Created in 1979, the National agency for the management of radioactive waste (A.N.D.R.A.) is a public establishment in charge of the management of radioactive waste produced in France. It is independent from waste producers and watches over the long term protection of man and his environment, at any step of radioactive waste management. It has for mission to check the waste quality and to conceive, to establish, to build and to manage storage centers where waste are stored according their characteristics. (N.C.)

  1. Operation of spent fuel storage facilities

    International Nuclear Information System (INIS)

    1994-01-01

    This Safety Guide was prepared as part of the IAEA's programme on safety of spent fuel storage. This is for interim spent fuel storage facilities that are not integral part of an operating nuclear power plant. Following the introduction, Section 2 describes key activities in the operation of spent fuel storage facilities. Section 3 lists the basic safety considerations for storage facility operation, the fundamental safety objectives being subcriticality, heat removal and radiation protection. Recommendations for organizing the management of a facility are contained in Section 4. Section 5 deals with aspects of training and qualification; Section 6 describes the phases of the commissioning of a spent fuel storage facility. Section 7 describes operational limits and conditions, while Section 8 deals with operating procedures and instructions. Section 9 deals with maintenance, testing, examination and inspection. Section 10 presents recommendations for radiation and environmental protection. Recommendations for the quality assurance (QA) system are presented in Section 11. Section 12 describes the aspects of safeguards and physical protection to be taken into account during operations; Section 13 gives guidance for decommissioning. 15 refs, 5 tabs

  2. Treatment of radioactive wastes from DOE underground storage tanks

    International Nuclear Information System (INIS)

    Collins, J.L.; Egan, B.Z.; Spencer, B.B.; Chase, C.W.; Anderson, K.K.; Bell, J.T.

    1994-01-01

    Bench-scale batch tests have been conducted with sludge and supernate tank waste from the Melton Valley Storage Tank (MVST) Facility at Oak Ridge National Laboratory (ORNL) to evaluate separation technology process for use in a comprehensive sludge processing flow sheet as a means of concentrating the radionuclides and reducing the volumes of storage tank waste at national sites for final disposal. This paper discusses the separation of the sludge solids and supernate, the basic washing of the sludge solids, the acidic dissolution of the sludge solids, and the removal of the radionuclides from the supernate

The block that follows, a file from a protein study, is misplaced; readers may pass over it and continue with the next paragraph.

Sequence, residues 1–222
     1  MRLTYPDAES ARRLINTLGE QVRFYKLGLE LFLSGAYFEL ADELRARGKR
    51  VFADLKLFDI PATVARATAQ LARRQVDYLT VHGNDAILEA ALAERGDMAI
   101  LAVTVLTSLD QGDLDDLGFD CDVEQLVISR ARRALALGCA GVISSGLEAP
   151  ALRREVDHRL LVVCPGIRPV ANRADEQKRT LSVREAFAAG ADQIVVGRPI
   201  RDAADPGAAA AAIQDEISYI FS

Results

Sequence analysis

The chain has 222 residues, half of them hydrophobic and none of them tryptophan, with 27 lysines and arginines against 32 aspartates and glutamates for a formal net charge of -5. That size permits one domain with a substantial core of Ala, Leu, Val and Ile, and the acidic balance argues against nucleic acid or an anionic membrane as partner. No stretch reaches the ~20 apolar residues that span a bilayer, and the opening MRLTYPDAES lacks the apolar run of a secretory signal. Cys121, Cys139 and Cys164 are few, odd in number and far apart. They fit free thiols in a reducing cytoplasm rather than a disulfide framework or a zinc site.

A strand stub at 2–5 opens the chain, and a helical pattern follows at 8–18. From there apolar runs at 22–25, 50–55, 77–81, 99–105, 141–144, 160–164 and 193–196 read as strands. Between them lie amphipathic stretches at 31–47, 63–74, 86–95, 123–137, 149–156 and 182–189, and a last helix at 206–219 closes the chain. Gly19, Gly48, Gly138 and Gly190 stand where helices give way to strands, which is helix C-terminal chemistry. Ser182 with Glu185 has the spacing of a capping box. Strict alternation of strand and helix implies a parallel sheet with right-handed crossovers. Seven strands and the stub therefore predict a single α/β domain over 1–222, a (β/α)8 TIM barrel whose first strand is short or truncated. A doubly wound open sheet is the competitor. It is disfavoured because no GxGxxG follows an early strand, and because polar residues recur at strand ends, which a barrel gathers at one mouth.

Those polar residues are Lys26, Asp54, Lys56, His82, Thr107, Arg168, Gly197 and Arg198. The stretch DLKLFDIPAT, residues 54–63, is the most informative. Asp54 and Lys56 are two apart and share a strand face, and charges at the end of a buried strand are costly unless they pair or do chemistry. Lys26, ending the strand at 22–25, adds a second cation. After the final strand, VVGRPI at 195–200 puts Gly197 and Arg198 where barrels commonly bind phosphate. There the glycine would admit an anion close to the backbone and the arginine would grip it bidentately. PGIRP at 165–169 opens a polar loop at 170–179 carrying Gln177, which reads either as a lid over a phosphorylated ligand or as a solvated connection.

3. Storage and Disposal of Solid Radioactive Waste

    Energy Technology Data Exchange (ETDEWEB)

    Pomarola, J. [Head of Technical Section, Monitoring and Protection Division, Atomic Energy Commission, Saclay (France)

    1960-07-01

    This paper deals with solutions for the problem of final disposal of solid radioactive waste. I. It is first essential to organize a proper system of temporary storage. II. Final Storage In order to organize final storage, it is necessary to fix, according to the activity and form of the waste, the site and the modes of transport to be used within and outside the nuclear centre. The choice of solutions follows from the foregoing essentials. The paper then considers, in turn, final storage, on the ground, in the sub-soil and in the sea. Economic considerations are an important factor in determining the choice of solution. (author)

  4. Commissioning of the very low level radioactive waste disposal facility

    International Nuclear Information System (INIS)

    2003-08-01

    This press kit presents the solution retained by the French national agency of radioactive wastes (ANDRA) for the management of very low level radioactive wastes. These wastes mainly come from the dismantling of decommissioned nuclear facilities and also from other industries (chemical, metal and other industries). The storage concept is a sub-surface disposal facility (Morvilliers center, Aube) with a clay barrier and a synthetic membrane system. The regulatory framework, and the details of the licensing, of the commissioning and of the environment monitoring are recalled. The detailed planing of the project and some exploitation data are given. (J.S.)

  5. [Microbiological Aspects of Radioactive Waste Storage].

    Science.gov (United States)

    Safonov, A V; Gorbunova, O A; German, K E; Zakharova, E V; Tregubova, V E; Ershov, B G; Nazina, T N

    2015-01-01

    The article gives information about the microorganisms inhabiting in surface storages of solid radioactive waste and deep disposal sites of liquid radioactive waste. It was shown that intensification of microbial processes can lead to significant changes in the chemical composition and physical state of the radioactive waste. It was concluded that the biogeochemical processes can have both a positive effect on the safety of radioactive waste storages (immobilization of RW macrocomponents, a decreased migration ability of radionuclides) and a negative one (biogenic gas production in subterranean formations and destruction of cement matrix).